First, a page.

After discovering of a pair of bodies near the Nelson River last week, the RCMP was finally able to verify Aug.12 that these corpses belong to Kam McLeod and Bryer Schmegelsky, the two fugitives who triggered a nation-wide manhunt throughout late July and early August.
The Manitoba Medical Examiner also determined that the pair took their own lives “by gunfire” and that they were dead for at least several days before police discovered them Aug. 7.
However, the exact time and date of their deaths is still unknown.
Police also mentioned that they located two firearms near the deceased suspects and that they are conducting forensic analysis to determine if these weapons were used to commit three homicides in northern B.C.
Even though the pair was last seen driving north through Split Lake July 22, Monday’s press release suggests that McLeod and Schmegelsky were alive during the early stages of the extensive search in the Northern Manitoba.
While sightings of the pair ranged as far as Kapuskasing, Ontario, the reality is that McLeod and Schmegelsky only made it eight kilometres away from the site of their torched a Toyota Rav 4, which police discovered July 22 in the Gillam/Fox Lake Cree Nation area.
Over the weekend, police found another item in the area that could be relevant to the ongoing investigation, although they remained tight-lipped about what it actually is.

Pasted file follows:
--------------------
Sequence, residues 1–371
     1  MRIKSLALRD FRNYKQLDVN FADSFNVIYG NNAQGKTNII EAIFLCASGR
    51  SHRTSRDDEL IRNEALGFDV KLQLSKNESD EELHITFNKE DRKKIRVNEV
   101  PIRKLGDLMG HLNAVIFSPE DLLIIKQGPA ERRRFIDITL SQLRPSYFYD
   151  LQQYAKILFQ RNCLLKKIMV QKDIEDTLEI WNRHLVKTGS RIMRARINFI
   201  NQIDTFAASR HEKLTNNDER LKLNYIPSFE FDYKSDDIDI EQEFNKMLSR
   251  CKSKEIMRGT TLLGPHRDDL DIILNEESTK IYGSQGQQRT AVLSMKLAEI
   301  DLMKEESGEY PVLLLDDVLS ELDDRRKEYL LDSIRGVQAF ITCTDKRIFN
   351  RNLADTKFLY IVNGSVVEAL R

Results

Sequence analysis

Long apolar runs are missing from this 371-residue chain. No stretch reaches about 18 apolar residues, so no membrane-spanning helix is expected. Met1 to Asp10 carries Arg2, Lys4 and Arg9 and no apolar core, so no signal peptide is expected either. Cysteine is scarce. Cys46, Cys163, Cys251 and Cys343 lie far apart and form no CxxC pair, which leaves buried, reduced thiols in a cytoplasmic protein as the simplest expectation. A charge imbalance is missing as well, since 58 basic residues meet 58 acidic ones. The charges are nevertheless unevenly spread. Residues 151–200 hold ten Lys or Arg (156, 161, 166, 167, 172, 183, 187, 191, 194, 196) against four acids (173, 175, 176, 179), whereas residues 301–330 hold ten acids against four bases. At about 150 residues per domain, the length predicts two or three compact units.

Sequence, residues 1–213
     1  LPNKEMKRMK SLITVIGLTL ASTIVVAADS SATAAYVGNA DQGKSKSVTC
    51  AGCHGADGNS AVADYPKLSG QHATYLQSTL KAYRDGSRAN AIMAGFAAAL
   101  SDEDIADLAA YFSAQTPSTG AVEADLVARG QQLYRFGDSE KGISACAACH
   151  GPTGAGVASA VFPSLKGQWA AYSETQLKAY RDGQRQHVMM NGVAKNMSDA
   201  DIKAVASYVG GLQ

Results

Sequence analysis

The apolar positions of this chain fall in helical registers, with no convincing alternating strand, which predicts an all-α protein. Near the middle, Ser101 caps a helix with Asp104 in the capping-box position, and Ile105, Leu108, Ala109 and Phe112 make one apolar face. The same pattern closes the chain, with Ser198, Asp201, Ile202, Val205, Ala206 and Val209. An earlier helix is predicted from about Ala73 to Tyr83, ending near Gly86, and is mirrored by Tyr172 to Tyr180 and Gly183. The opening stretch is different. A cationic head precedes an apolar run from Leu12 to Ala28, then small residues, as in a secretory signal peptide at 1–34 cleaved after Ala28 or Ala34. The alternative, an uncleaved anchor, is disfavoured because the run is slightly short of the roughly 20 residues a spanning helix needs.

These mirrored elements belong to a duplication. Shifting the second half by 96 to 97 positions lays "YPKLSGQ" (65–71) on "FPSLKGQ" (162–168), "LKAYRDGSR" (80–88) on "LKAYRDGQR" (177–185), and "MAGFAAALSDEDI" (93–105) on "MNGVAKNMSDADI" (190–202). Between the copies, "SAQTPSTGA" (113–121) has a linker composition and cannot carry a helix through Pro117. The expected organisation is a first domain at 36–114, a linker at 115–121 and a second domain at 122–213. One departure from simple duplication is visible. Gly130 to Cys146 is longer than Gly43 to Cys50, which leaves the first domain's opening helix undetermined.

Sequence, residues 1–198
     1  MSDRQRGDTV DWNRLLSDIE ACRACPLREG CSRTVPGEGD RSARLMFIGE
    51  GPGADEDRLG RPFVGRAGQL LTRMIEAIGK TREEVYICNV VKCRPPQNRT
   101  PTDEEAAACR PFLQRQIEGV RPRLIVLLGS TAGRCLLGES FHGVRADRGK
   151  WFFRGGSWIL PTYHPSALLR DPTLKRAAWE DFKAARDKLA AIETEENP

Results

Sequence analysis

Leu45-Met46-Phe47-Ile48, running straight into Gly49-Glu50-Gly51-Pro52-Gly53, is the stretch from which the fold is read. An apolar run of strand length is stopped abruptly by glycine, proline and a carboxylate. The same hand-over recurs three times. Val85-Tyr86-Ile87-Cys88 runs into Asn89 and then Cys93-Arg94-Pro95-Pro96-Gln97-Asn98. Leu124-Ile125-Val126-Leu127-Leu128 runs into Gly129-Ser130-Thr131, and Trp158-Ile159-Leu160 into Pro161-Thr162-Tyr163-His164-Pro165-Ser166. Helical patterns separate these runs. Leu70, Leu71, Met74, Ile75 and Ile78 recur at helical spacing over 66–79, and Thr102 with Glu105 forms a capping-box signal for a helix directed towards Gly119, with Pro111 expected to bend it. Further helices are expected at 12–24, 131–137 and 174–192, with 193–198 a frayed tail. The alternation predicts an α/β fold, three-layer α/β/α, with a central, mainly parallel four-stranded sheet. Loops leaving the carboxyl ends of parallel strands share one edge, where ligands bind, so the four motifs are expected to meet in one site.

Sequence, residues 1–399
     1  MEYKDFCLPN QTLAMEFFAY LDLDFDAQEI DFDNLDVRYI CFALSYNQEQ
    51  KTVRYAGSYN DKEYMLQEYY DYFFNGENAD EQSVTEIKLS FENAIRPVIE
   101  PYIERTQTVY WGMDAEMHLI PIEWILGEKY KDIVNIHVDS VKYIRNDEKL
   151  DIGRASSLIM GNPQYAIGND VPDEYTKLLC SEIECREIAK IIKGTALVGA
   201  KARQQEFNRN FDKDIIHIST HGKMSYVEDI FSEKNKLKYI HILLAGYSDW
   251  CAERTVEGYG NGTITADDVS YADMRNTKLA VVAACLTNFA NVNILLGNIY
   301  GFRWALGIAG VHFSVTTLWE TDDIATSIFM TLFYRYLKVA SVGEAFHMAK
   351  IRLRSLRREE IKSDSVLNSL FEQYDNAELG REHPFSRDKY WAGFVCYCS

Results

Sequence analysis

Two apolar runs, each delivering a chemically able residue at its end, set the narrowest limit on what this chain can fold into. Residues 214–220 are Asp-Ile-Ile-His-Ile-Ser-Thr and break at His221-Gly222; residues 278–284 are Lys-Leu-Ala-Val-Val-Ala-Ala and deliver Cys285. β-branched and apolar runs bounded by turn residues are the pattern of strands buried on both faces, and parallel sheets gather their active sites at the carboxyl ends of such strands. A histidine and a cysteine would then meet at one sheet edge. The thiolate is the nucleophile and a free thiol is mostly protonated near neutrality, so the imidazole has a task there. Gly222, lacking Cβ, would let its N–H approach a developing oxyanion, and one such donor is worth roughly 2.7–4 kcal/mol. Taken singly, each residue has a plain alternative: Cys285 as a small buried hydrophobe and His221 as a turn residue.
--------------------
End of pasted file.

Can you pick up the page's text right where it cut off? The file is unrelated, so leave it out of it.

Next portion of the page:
The RCMP will add this latest clue to the list of items they discovered along the Nelson River Aug. 2, which ultimately lead them to discover the suspects’ bodies five days later.
Investigators are now trying to piece together all the evidence they’ve collected in Manitoba and B.C. in order to gain more insight into what actually happened to the pair’s victims.
On July 15, Lucas Fowler and Chynna Deese, tourists from Australia and the United States respectively, were found shot-to-death along the Alaska Highway in Northern B.C.
Four days later, University of British Columbia lecturer Leonard Dyck ‘s body was found two kilometres south of a burning vehicle on Highway 37 near Dease Lake, B.C.
Authorities initially began searching for McLeod and Schmegelsky as missing persons, but considered the two teens to be suspects in these deaths after they were spotted travelling through Meadow Lake, Saskatchewan July 21.
In Monday’s press release, the RCMP suggest that they should be able to complete their evidence review within the next few weeks, although they will be sharing the findings with affected family members first before releasing this information to the public.